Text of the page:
What’s the difference between Black Friday and Cyber Monday now that everything's online? The past decade has brought a shift in the way we shop, with a preference towards online ordering slowly whittling away at the brick-and-mortar stores we once frequented. This holiday season, with the pandemic keeping us mostly confined to our own homes, the internet provides people with the only safe form of shopping. And while some find no issue with two Black Fridays or even an entire Cyber Week, the problematic side of the tradition has come to light now more than ever.
Black Friday and its offshoots are some of the most blatant examples of mass consumerism in America and across the globe. Overconsumption in today’s terms can involve any sort of product, but the one most important to note this Black Friday is clothing. The overconsumption of clothing, known to many as fast fashion, dominates sales on Black Friday. Retailers like the Gap, Uniqlo, Shein, and others participate in this massive effort of selling clothes at nearly no cost. While highly-discounted steals sound great, especially to any Boston College student trying to not break the bank, it comes at a cost.
Most of the clothes made for these companies come out of Asia. Factories pay starvation wages, working conditions are abysmal, and the overall process behind fast fashion pulls Black Friday into an ethical dilemma—all in the name of affordability.
This dilemma leaves bargain hunters wondering where to turn this holiday season and beyond. The opposition to fast fashion and its flagship brands started out small, but has been quite vocal. Today, the slow fashion movement expands its influence and seeks to dismantle the unsustainable fashion of the 2000s. Slow fashion comes in many forms, with the universally known being thrift shopping.
Thrift shops are far from new. However, they are finding new life thanks to avid supporters and shoppers who are wary to buy from mainstream brands. Stores like Goodwill, the Salvation Army, and Savers have long found customers in the environmental and workers’ rights groups, but their business does not stop there. Young people, college students especially, caught onto the benefits of thrifting. Many college students today opt to thrift at a low price, rather than contribute to major brands’ questionable supply chains. The rise of these thrift stores brings not only affordability, but an attempt to address problems of fast fashion as a whole. Fast fashion's skeletons are starting to fall out of the closet, and the future of shopping will undoubtedly include an appeal not only to affordability, but to ethics and sustainability.
Boston College students are avid among the thrift shopping populace. A quick trip to Goodwill on any sunny day will leave shoppers waiting in lines to get in. However, while the student population looks favorably upon affordability and sustainability, BC itself does not. The BC Bookstore stocks the shelves with merchandise at premium prices. The brands BC chooses to work with also do not bode well in the fight against fast fashion. Nike, Under Armour, and Champion dominate the racks, and all have come under fire for unethical and unsustainable practices. While some brands seek retribution after public outrage dropped their profits, BC does not show a deliberate care for these factors when vetting what shirts get put on hangers in Mac.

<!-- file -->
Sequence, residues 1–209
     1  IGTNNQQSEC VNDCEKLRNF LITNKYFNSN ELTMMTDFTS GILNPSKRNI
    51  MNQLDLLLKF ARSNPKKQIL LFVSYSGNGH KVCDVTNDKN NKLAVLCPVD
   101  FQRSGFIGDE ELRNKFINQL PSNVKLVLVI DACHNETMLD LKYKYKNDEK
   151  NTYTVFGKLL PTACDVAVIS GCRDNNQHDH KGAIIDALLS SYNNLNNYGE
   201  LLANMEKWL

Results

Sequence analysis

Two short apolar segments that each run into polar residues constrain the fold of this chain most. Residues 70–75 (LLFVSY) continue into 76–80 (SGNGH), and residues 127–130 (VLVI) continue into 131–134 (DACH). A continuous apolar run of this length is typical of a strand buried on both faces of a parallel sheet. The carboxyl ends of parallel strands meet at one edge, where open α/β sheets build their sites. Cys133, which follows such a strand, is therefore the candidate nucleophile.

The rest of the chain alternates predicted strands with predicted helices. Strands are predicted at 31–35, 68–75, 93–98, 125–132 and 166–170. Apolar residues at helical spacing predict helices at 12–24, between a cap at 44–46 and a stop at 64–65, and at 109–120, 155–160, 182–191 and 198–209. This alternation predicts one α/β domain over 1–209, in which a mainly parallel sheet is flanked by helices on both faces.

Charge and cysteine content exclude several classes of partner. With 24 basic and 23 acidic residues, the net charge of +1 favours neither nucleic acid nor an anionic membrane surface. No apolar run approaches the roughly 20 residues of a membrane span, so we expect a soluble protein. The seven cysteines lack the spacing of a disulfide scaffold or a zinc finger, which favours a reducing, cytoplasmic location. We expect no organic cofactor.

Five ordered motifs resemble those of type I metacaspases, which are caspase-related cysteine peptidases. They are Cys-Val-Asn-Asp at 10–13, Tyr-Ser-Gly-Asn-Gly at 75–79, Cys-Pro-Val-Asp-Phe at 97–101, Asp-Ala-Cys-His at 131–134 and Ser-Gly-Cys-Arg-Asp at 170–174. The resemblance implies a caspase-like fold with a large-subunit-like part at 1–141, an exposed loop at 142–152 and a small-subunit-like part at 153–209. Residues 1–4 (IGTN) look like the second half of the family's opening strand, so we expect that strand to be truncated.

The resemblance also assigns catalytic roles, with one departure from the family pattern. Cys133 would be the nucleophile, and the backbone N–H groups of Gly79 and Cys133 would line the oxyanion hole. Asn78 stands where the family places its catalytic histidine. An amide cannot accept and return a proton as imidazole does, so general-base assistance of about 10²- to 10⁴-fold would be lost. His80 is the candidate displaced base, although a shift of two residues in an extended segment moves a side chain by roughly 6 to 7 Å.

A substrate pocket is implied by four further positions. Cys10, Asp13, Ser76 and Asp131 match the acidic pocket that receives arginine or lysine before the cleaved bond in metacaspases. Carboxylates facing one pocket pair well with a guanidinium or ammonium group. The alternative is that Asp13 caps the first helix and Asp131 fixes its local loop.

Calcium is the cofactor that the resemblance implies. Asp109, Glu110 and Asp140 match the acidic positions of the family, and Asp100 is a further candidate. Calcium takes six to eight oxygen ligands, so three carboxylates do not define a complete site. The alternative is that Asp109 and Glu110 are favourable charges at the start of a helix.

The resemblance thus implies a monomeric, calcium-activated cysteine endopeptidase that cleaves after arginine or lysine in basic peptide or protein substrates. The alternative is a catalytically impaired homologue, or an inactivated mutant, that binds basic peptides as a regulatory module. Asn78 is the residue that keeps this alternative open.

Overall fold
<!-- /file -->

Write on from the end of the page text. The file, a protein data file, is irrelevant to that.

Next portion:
But all hope is not lost. BC students, while normally not given an option for their BC swag needs, now have multiple options. One of these comes from an Instagram page run by one of our peers. @bostoncollegethrifts posts images of used BC apparel with a price in the description. Buying can be as easy as commenting and DMing with the owner. While a v-neck at the bookstore will run students anywhere from $18-$36, the account advertises multiple shirts all for $10 or less.
Another option for BC students to look to during this pandemic is thredUP. Founded by a BC grad, thredUP markets itself as “the largest online consignment and thrift store.” The store currently only carries women's and children's clothing, but it certainly keeps both options well-stocked. On its website, thredUP offers near-endless options in terms of brands, clothing, and prices. For students looking to purge their closets this winter, the company also has a “sell” mechanic where people can package up old clothes and ship them out for either a cash payout or in-store credit.
These two options, while wholly unique in their own right, are both great venues for slow fashion—and provide an opportunity to support the BC community in sustainable ways. Of course, thrift shopping isn’t for everyone. Slow fashion comes in other forms as well. For those not worried as much about affordability, many retailers like Patagonia, Fair Harbor, and Boden have dedicated themselves to producing clothing and products in sustainable terms.
Fast fashion this holiday season looks to capitalize on the pandemic, giving customers an easily accessible and affordable stock of clothing in a time when we can’t go out and shop in person. However, sustainably- and ethically-minded companies seek to compete with these major brands by expanding their online stock. Thrift shopping, in all its forms, offers shoppers a similar experience (affordable and abundant clothes) to shoppers while avoiding all the ethical and environmental dilemmas that plague mainstream brands. Other forms of slow fashion have become more appealing as well. Shoppers today are more apt to look behind the clothes they buy to see what baggage lags alongside it. The future of fashion and Black Friday may just hinge not on big box and fast fashion, but ethical production and sustainability.
For resources regarding ethical shopping this holiday season, check out the website goodonyou.eco for ratings of some of the world’s biggest brands and how they stack up against each other.